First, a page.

23 May 2013

Life after Melle

What on earth did people do before the days of internet? I literally cannot comprehend a world-wide-web-less world (say that 10 times as fast as you can). Here I am in a tiny village in the Pyrenees unable to Skype my parents, unable to Skype my boyfriend, unable to waste time on Facebook, unable to Google some really unimportant yet niggling question, unable to look up that French word that keeps appearing but I just can’t grasp the meaning of, unable to check the weather forecast to see if this depressing weather will ever transform into the sunny paradise I had envisaged, unable to catch up on Made In Chelsea to cure the Francis Boulle withdrawal symptoms I’m suffering, but most importantly, unable to recount the next chapter of my French adventure to my avid readers, who I imagine have been up in arms in their millions, distraught that I have been absent for the past fortnight. ;)

I am managing, however, to use the house computer every few days to do vital things like check emails. And now, after Rob had the ingenious idea of writing my blog on my laptop in my own time and then quickly uploading it online when I get the chance, I am hoping this will allow me to do fairly frequent updates.

Let’s begin. I’ve been back in France for over a week now. I’m WWOOFing (if you don't know what this is, see the end of my last post) here for 3 weeks, in a tiny village called Mont in the Haute-Pyrénées, on a cow and sheep farm where they make the cheese Tomme. I’m not going to lie, the first couple of days I was homesick, which rarely happens with me. The main contributing factors to this homesickness were:

- Obviously, lack of internet, about which I have already ranted.

- Suddenly going back to full French immersion after having spent a week back in England and the comfort of my mother tongue (yes, I am still rubbish at French after all these months, sob).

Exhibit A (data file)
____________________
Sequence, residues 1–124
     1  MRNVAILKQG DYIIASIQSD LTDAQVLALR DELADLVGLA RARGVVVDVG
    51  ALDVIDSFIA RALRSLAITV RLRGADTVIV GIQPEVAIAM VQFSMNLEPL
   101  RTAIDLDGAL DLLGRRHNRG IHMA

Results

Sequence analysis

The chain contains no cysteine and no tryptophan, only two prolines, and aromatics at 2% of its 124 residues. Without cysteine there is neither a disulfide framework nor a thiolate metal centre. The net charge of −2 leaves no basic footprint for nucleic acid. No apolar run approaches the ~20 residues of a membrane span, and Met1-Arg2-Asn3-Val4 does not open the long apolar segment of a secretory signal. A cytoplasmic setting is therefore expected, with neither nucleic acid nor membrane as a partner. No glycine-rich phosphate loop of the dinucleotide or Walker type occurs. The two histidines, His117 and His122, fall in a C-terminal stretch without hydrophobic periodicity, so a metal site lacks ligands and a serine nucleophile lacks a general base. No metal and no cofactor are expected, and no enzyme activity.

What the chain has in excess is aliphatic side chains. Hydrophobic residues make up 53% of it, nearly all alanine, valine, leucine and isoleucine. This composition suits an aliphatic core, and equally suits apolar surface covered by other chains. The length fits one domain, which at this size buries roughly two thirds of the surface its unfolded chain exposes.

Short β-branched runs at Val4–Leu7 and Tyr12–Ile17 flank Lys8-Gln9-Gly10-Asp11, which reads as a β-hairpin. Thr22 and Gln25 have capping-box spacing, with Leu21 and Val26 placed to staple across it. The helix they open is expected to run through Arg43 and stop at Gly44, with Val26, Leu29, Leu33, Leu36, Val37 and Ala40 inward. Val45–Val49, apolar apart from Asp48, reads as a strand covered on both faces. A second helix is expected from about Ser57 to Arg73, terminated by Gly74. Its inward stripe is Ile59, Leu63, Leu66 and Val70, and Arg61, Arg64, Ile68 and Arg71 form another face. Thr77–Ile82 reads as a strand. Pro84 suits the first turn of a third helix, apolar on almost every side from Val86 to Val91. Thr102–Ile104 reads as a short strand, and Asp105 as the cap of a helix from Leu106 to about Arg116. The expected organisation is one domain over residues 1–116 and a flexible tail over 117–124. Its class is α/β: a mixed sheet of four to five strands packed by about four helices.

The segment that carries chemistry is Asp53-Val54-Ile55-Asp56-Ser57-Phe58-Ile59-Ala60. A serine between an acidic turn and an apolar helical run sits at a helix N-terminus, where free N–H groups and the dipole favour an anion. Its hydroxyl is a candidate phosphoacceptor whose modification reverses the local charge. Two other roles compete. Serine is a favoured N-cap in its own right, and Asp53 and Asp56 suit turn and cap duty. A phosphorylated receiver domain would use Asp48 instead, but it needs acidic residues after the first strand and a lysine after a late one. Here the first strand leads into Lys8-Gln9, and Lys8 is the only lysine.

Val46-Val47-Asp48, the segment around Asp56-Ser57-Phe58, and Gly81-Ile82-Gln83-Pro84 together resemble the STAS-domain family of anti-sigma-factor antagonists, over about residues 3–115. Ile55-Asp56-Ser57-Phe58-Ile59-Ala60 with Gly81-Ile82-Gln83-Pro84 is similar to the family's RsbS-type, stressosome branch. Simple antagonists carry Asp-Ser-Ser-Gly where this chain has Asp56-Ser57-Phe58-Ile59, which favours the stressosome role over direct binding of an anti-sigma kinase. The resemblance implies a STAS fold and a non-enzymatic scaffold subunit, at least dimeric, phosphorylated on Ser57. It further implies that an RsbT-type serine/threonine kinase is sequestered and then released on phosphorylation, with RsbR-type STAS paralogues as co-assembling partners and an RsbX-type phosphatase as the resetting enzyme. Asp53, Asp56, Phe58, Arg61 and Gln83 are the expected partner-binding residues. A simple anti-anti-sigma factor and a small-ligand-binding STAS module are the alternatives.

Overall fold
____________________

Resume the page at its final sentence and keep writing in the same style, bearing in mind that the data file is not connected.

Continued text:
- The fact that I packed 5 pairs of shorts, about 10 vest tops, but only 1 pair of jeans and one long top....

....and the first day looked like this:

- I decided, being paranoid me, that the people here didn’t like me.

The shower is in the barn, and there are spiders and cobwebs EVERYWHERE. Let’s just say showers have become slightly more infrequent here.

It has got better since then, I can assure you. The internet issue still exists, but I am learning slowly to adapt myself. I’ve realised that the full-on French thing can only be a good thing and can do nothing but improve my language proficiency. On the rare occasion that the sun shines, it is gorgeous. Here is the view out my bedroom on a good day:

The people are actually very lovely and I was just being silly. The shower situation still makes me want to cry, however.

The best thing though, is the food. With proper home-made French meals twice a day, fresh cheese, yoghurt and milk whenever I want, it’s not a bad deal! We had a bit of a kitchen disaster the other day though, when Julie (the woman farmer) had excitedly bought fresh, live crabs from the supermarket, having had a craving for them after seeing them on TV the previous day. However, this being the first time she’d cooked them at home, nobody knew how to eat them when she brought them to the table. Resorting to crushing the blighters with pliers to get to the meat, by the end of the meal there was bits of crab in our hair, all over our clothes, on the walls etc. And the only edible part was the legs, after all that! So, if you’re thinking of cooking crab, don’t. Biggest waste of time ever.

So this is my daily routine:

07:45 Wake up

08:30 Go down to the barn to milk the 6 cows and the 100+ sheep. If it’s not too wet, we then let the animals out into the 25 hectare park on the side of the mountain.

10:30 On Mondays and Thursdays, make the cheese. Otherwise, rub the salt onto the cheeses, or rub in the mould that grows on the rind. Yum :/

13:00 Have lunch. Yum :)

14:30 Have a siesta if it’s bad weather. Go for a walk if it’s nice.

18:00 Go back down to the barn to milk the animals again.

21:00 Have dinner. Yum :)

23:30 Go to bed.

There are 4 of us altogether; me, another WWOOFer called Marianne who’s 45 and Belgian, Julie, and Tom/Yves (he actually has 2 names, I’m so confused) who owns the farm.

And now I need to go and get changed to do some more milking and get covered in lots and lots of poo…

Ciao for now.

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